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Spirit AeroSystems’ B-52 Legacy Connection and Structures Capability Brings Experience to the Re-Engine Program

The recent opening of the B-52 re-engine project has Spirit AeroSystems celebrating the local legacy of the B-52 in Wichita. From the first flight in April of 1952, Wichita played a major role in the manufacture of the iconic airplane. By the end of its original production run in 1962, over 700 of the planes had been built, the majority of them at the Boeing facility in Wichita.

That kind of history leaves an indelible imprint, not only on practical matters like manufacturing processes, but also on the people who helped to produce all those planes for so many years. It’s no exaggeration to say that Spirit carries a generational legacy of the B-52 program – many of its employees have family that worked directly with the B-52, some of them may even remember the last plane leaving the hangar.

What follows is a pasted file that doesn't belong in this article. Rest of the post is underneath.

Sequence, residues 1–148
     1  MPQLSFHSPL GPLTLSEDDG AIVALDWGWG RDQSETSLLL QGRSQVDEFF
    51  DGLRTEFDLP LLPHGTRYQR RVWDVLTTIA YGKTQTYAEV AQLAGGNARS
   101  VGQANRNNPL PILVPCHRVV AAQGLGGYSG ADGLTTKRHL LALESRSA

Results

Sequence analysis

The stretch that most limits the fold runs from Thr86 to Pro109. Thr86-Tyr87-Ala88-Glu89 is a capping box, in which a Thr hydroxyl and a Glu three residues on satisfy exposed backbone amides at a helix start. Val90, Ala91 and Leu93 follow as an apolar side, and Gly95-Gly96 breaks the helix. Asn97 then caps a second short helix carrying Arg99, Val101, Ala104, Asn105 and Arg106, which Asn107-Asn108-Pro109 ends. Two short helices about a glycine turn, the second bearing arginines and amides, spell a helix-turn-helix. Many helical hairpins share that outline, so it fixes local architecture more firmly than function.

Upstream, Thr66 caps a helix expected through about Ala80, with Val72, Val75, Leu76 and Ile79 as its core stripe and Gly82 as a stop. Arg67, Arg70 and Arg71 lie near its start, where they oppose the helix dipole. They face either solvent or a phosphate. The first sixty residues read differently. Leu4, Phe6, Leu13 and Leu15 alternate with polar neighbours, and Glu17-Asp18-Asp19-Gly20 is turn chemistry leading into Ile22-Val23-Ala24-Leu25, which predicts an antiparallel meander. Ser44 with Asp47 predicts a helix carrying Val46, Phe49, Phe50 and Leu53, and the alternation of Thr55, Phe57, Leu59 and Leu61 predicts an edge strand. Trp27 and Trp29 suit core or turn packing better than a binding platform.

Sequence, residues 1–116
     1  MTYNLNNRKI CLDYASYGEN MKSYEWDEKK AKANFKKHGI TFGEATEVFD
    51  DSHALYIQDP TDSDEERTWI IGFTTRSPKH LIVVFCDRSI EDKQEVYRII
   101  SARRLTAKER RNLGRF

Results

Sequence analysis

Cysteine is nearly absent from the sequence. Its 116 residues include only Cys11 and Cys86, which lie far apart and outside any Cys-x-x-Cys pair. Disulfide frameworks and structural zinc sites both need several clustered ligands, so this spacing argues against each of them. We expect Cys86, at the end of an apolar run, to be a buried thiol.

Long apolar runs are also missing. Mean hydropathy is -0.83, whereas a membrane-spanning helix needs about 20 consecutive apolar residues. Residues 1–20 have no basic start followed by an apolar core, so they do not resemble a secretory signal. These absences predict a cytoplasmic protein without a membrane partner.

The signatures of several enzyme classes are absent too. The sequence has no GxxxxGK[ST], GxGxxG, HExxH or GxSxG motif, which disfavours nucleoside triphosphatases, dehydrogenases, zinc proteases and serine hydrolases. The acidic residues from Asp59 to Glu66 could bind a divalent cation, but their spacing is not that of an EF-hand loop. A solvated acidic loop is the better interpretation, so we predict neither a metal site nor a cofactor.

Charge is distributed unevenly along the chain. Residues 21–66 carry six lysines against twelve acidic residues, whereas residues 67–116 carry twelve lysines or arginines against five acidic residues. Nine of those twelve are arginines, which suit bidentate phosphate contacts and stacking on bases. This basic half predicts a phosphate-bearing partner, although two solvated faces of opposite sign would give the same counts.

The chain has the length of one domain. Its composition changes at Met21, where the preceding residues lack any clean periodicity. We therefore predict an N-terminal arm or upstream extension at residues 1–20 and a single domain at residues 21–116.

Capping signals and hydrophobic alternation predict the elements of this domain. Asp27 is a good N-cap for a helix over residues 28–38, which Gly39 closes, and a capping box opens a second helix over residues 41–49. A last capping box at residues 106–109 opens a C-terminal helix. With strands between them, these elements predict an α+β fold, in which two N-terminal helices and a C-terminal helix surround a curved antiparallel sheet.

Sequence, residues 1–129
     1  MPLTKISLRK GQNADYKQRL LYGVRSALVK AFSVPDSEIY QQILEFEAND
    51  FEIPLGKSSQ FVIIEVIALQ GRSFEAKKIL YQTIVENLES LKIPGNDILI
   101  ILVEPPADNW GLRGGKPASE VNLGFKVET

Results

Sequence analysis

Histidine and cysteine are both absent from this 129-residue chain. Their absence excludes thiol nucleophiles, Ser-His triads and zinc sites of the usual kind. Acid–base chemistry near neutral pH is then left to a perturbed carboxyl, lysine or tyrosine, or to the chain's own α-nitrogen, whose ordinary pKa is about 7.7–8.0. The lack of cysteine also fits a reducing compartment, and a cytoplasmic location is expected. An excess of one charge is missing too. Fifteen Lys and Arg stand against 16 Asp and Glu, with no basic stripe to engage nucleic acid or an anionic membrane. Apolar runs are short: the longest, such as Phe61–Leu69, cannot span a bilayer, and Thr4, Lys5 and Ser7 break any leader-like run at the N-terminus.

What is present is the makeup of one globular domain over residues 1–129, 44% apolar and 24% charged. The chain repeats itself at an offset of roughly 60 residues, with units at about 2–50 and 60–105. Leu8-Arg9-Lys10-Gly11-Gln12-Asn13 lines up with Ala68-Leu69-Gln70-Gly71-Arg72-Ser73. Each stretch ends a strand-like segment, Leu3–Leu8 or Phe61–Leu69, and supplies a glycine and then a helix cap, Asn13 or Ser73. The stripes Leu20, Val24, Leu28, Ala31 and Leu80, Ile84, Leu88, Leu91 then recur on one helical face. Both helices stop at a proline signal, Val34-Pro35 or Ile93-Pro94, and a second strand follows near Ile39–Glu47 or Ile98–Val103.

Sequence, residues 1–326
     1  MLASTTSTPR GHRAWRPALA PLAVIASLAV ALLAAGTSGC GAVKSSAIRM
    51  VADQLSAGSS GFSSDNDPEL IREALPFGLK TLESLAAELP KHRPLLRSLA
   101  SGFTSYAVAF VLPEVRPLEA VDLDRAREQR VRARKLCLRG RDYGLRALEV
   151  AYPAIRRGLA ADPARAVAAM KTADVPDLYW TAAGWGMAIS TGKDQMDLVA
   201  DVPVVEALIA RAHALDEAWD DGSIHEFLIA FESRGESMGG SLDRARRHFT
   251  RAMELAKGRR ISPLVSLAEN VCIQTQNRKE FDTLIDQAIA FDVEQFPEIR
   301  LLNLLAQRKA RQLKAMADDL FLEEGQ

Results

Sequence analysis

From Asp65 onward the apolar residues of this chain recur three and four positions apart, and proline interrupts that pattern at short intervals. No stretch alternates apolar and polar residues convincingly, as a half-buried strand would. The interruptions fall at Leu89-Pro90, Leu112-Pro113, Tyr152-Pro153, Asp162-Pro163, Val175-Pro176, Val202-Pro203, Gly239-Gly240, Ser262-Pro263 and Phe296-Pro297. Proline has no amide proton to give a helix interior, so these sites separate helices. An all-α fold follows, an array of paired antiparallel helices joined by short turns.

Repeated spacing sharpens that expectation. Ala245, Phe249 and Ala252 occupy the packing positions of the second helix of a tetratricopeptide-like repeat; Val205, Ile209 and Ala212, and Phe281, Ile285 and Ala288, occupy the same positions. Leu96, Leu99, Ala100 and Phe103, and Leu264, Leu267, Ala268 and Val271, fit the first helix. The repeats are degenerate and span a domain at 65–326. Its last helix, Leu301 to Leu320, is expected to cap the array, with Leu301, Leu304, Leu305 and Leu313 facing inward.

Spirit has extensive experience working with the trio of engine suppliers – Rolls Royce, General Electric and Pratt & Whitney – that will likely compete to provide the new B-52H powerplants. The company’s work on integrated engine structures like struts and pylons for every Boeing airplane currently in production, as well as nacelle/thrust reversers on the 737 and 777 family, demonstrate Spirit’s ability to integrate with any engine selected.

From Boeing to Spirit, engineers and manufacturers in Wichita have continued the same tradition of excellence that made the B-52 program an enduring success, expanding the reach of that heritage into defense products like Boeing’s P-8A and KC-46A Tanker, Lockheed Martin-Sikorsky’s CH-53K, Bell’s V-280 and as a named supplier on the Northrop Grumman B-21 Raider program. Spirit has a long history of applying commercial best practices and experience to defense programs. From composites to metals, struts to nacelles, Spirit brings both modern innovation and vast institutional knowledge to every process and product.

See the recent feature articles on Aviation Week and The Wichita Eagle to learn more about the B-52 Spirit legacy connection.

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